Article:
People close to US President Donald Trump are concerned his judgment is being affected by the one of the drugs used to treat his Covid-19 infection, according to news reports citing anonymous sources.
Trump's doctors have confirmed he was being treated with dexamethasone, a powerful steroid which can affect mood, causing euphoria and in some cases psychiatric effects including feelings of grandiosity or mania, after being flown to the Walter Reed military hospital in Maryland last week as his virus symptoms worsened.
He returned to the White House on Monday after a three-day hospitalisation, where his behaviour – including a car ride outside to wave at supporters followed by a barrage of all-caps tweets – had reportedly concerned some of those around him, including his son Donald Trump Jr, according to Vanity Fair.
The left-wing publication's Gabriel Sherman, citing "two Republicans briefed on the family conversations", said Don Jr had told friends he had tried lobbying Ivanka Trump, Jared Kushner and Eric Trump to convince the President he needed to stop acting unstable.
"Don Jr has said he wants to stage an intervention, but Jared and Ivanka keep telling Trump how great he's doing," a source allegedly told Vanity Fair.
"Don said, 'I'm not going to be the only one to tell him he's acting crazy.'"
On Tuesday, Trump abruptly called off coronavirus stimulus relief talks with Democrats until "after the election", saying House Speaker Nancy Pelosi was "not negotiating in good faith" and that he was instructing his team to focus on the Senate confirmation of Supreme Court nominee Amy Coney Barrett instead.
The surprising move caused the stock market to plummet and was labelled a tactical mistake even by some Republicans, who argued he should have allowed Democrats to bear responsibility for the stalled negotiations, but instead had made it appear he had abandoned voters suffering due to Covid-19 lockdowns.
In a follow-up tweet, Trump appeared to have realised his mistake. "If I am sent a Stand Alone Bill for Stimulus Checks ($1200), they will go out to our great people IMMEDIATELY. I am ready to sign right now. Are you listening Nancy?" he wrote.
The New York Times, also without citing sources, reported that "some White House staff members wondered whether Trump's behaviour was spurred by a cocktail of drugs he has been taking to treat the coronavirus, including dexamethasone".
The newspaper said Trump had "made calls from the White House on Tuesday and roamed the areas of the presidential residence that had been set up for him" but was "described as itching to get back into the Oval Office and show that he was in charge".
In a conference call with House Democrats on Tuesday, Pelosi wondered aloud whether dexamethasone side effects were behind the President's decision to abandon talks, according to USA Today.
Pelosi announced today Democrats would be "talking about the 25th Amendment" over the weekend, bringing forward a bill to set up a "commission" to investigate Trump's health.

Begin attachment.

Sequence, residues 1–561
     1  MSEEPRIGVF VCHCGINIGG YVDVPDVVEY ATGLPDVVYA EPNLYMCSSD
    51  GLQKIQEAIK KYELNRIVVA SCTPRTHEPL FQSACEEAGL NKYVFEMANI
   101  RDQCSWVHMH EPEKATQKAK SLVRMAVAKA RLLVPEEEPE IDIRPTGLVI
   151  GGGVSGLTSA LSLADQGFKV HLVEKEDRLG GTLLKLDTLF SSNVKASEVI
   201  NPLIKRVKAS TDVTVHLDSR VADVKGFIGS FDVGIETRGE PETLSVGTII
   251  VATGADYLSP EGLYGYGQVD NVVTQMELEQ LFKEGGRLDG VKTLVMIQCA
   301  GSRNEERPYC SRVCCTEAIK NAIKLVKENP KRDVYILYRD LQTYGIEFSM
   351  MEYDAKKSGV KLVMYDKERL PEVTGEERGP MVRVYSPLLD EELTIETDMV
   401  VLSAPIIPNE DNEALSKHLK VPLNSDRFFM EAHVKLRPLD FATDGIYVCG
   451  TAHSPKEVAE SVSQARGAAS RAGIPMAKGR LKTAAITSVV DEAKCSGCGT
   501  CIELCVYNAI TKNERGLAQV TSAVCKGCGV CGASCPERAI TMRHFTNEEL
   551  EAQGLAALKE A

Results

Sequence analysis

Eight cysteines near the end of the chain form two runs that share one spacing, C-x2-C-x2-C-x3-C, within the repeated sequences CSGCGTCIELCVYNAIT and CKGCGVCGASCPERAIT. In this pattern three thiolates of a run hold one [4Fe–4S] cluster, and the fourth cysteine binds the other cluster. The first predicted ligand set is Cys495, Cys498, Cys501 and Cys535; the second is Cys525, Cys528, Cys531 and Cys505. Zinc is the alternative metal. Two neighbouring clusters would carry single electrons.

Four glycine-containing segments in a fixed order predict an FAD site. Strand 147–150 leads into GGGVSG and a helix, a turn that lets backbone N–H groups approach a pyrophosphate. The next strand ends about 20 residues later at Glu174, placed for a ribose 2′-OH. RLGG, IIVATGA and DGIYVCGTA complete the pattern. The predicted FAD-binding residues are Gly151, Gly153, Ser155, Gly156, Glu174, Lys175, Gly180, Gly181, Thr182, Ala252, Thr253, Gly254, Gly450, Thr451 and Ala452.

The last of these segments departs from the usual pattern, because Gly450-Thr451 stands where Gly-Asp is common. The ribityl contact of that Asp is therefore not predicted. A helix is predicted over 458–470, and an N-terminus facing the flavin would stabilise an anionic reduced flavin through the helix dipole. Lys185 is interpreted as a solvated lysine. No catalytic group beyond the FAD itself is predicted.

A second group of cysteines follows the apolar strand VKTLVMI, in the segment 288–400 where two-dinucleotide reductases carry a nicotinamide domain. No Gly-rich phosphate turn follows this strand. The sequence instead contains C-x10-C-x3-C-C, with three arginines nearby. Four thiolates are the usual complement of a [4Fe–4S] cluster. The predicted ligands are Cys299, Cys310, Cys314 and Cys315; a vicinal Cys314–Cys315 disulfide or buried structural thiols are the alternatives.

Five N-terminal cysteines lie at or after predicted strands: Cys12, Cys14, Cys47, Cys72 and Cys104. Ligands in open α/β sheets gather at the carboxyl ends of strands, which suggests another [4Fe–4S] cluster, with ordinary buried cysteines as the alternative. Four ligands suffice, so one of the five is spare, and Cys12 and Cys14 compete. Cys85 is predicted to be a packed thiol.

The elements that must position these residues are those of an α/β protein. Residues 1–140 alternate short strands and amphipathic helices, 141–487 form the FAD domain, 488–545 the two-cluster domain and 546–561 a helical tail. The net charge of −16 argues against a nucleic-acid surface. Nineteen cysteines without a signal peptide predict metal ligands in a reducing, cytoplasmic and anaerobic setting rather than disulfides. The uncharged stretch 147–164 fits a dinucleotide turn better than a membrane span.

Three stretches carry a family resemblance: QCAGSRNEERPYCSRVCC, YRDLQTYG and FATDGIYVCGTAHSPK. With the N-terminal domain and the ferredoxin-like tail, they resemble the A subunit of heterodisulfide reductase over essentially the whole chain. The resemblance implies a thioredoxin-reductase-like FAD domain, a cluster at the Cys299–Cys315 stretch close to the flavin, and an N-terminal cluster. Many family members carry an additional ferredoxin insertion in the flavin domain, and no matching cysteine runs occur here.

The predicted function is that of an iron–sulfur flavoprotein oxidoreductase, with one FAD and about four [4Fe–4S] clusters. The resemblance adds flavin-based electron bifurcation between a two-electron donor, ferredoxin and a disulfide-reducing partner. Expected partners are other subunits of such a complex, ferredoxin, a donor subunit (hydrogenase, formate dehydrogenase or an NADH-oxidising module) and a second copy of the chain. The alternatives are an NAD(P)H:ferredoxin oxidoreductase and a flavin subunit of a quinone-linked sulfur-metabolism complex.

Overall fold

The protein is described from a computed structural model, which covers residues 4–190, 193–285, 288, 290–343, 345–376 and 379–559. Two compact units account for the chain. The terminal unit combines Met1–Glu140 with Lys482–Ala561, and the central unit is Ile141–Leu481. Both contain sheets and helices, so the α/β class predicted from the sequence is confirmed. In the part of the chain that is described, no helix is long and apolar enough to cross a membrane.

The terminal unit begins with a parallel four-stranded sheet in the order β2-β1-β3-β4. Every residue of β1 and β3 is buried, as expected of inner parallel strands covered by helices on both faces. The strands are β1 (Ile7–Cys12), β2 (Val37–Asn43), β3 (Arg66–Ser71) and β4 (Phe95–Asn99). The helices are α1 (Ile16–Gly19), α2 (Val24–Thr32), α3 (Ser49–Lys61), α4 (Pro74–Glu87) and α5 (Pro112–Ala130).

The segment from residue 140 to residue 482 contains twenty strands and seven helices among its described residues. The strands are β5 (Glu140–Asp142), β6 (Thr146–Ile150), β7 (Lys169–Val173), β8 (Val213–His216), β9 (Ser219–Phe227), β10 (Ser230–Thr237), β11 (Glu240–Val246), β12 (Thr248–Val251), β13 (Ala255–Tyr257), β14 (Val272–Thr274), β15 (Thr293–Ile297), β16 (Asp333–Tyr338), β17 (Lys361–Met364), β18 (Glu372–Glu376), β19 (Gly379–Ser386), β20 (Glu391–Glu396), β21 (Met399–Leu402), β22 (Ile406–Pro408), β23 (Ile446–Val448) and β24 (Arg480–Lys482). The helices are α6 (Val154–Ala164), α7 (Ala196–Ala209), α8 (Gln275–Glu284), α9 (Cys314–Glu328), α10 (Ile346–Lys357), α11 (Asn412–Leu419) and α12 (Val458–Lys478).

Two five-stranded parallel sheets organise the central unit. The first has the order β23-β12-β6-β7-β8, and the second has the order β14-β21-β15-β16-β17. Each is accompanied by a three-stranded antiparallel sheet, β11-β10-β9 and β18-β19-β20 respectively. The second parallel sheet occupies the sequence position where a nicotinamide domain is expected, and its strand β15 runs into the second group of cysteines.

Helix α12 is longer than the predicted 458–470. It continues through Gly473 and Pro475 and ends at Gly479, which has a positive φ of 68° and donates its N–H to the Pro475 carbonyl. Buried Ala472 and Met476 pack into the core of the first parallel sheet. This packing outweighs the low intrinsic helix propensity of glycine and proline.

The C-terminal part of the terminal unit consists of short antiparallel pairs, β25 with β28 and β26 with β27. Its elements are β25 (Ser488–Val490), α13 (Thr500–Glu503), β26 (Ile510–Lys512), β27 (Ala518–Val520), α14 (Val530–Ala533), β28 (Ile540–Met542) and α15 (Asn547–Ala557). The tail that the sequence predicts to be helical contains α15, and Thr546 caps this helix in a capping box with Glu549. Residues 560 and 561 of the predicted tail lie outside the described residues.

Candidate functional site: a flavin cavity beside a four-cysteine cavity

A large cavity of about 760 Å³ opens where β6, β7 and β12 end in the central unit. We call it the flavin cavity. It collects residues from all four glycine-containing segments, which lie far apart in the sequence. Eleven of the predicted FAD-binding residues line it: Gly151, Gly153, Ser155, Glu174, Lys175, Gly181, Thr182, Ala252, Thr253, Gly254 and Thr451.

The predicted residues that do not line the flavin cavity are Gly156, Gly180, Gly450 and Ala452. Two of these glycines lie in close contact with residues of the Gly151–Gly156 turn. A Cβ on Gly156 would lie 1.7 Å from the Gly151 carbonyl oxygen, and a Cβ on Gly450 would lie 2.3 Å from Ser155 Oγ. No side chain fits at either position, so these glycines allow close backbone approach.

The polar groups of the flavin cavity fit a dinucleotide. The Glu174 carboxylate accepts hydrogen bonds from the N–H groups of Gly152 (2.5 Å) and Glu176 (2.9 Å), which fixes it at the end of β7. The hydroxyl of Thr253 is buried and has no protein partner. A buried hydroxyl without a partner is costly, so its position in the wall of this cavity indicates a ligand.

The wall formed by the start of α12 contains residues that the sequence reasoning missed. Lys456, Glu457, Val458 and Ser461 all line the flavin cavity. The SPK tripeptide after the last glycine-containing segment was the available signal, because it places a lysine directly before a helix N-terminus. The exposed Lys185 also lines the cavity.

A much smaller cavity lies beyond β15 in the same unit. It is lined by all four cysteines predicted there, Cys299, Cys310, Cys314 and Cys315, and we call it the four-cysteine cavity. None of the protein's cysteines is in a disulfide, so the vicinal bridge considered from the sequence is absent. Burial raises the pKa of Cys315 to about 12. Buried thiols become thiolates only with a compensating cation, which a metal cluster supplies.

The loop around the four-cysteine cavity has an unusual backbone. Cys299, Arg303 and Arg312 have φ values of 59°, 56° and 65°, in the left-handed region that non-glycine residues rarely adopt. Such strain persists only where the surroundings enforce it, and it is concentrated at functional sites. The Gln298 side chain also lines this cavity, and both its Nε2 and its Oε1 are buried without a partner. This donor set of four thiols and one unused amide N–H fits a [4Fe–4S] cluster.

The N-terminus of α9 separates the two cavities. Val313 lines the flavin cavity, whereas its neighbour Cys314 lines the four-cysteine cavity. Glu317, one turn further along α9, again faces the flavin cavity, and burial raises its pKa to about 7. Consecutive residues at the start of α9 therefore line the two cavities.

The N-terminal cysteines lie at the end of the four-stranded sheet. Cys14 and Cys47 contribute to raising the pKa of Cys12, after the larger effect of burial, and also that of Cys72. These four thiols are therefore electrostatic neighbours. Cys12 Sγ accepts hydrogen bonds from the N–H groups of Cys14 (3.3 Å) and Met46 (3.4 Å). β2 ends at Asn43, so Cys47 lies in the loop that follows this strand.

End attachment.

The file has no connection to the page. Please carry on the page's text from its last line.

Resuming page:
The 25th Amendment to the US Constitution outlines how a sitting President can be removed by the Vice President together with the majority of his Cabinet "or of such other body as Congress may by law provide" if he is "unable to discharge the powers and duties of his office".
"Crazy Nancy is the one who should be under observation," Trump tweeted in response. "They don't call her Crazy for nothing!"
It came as Sean Conley, Trump's doctor, on Thursday announced the President had "completed his course of therapy for Covid-19 as prescribed by his team of physicians" and would be ready for public engagements by Saturday.
"Since returning home, his physical exam has remained stable and devoid of any indications to suggest progression of illness," Conley said.
"Overall he's responded extremely well to treatment, without evidence on examination of adverse therapeutic effects. Saturday will be day 10 since Thursday's diagnosis, and based on the trajectory of advanced diagnostics the team has been conducting, I fully anticipate the President's safe return to public engagements at that time."
Later that day the Trump campaign again demanded the second presidential debate with Joe Biden be held in person, after the group that sponsors the events "unilaterally" announced it would be virtual due to health concerns.
"President Trump's physician, Dr Sean Conley, says the President will be medically cleared for 'safe return to public engagements' by Saturday, five full days before the originally scheduled debate in Miami on October 15," Trump 2020 campaign manager Bill Stepien said.
"There is therefore no medical reason why the Commission on Presidential Debates should shift the debate to a virtual setting, postpone it, or otherwise alter it in any way."
Stepien claimed the CPD was "protecting Joe Biden". "The American people can see through this obvious attempt to shield Biden from another shellacking like he got two weeks ago and the CPD must reverse course and let the debate proceed," he said.